Rare, first-time video shows dolphins forming raft to save pod member

For the first time spotted in nature, a group of dolphins formed a raft to help save a struggling member of their pod, adding to the creature’s reputation for being lovable and friendly. New Scientist published the finding and video Friday, and on Monday it was lighting up the Internet. Watch as about 12 dolphins swim tightly together to lift up their distressed friend so it could breathe:

The female dolphin was clearly hurting, wriggling, and tipping from side to side, and sometimes turning upside-down, and its pectoral flippers appeared paralyzed, according to New Scientist.

Members of the Cetacean Research Institute in Ulsan, South Korea, were surveying cetaceans in the Sea of Japan in June 2008 when they encountered the rare sighting. It is unclear why it took so long for the video and finding to be released.

Sadly, it does not end well for the struggling dolphin. More from New Scientist:

The other dolphins crowded around it, often diving beneath it and supporting it from below. After about 30 minutes, the dolphins formed into an impromptu raft: they swam side by side with the injured female on their backs. By keeping the injured female above water, they may have helped it to breathe, avoiding drowning.

After another few minutes some of the helper dolphins left. The injured dolphin soon dropped into a vertical position. The remaining helpers appeared to try and prop it up, possibly to keep its head above the surface, but it soon stopped breathing, say the researchers. Five dolphins stayed with it and continued touching its body, until it sank out of sight.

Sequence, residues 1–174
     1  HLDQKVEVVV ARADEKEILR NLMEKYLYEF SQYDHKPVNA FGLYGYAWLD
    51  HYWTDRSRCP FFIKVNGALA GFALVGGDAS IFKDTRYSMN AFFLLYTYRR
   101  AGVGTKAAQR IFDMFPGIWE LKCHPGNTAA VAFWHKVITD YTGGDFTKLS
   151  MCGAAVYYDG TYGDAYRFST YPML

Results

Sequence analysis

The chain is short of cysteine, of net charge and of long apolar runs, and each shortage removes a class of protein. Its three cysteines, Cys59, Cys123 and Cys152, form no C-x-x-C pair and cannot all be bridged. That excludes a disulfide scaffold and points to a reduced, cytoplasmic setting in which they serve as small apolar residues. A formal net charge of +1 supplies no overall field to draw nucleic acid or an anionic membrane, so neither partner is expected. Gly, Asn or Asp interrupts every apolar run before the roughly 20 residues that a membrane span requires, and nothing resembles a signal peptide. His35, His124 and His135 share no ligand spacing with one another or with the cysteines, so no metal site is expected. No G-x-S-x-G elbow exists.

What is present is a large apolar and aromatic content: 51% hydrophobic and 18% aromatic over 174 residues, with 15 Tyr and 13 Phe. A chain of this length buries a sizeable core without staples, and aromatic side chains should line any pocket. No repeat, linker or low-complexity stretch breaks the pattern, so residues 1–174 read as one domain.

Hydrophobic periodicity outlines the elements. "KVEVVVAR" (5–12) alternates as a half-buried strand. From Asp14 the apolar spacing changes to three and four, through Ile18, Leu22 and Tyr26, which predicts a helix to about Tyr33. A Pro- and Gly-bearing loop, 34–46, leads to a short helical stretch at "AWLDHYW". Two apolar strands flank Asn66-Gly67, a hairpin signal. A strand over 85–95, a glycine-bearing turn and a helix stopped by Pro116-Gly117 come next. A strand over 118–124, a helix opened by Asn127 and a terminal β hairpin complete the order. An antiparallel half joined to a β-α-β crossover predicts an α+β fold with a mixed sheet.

“It does look like quite a sophisticated way of keeping the companion up in the water,” says Karen McComb at the University of Sussex in Brighton, U.K. Such helping behaviors are only seen in intelligent, long-lived social animals. In most species, injured animals are quickly left behind.

New Scientist said there have been reports of single dolphins helping others, usually mothers helping calves, but zero cases of groups of dolphins working together to help another … until now.

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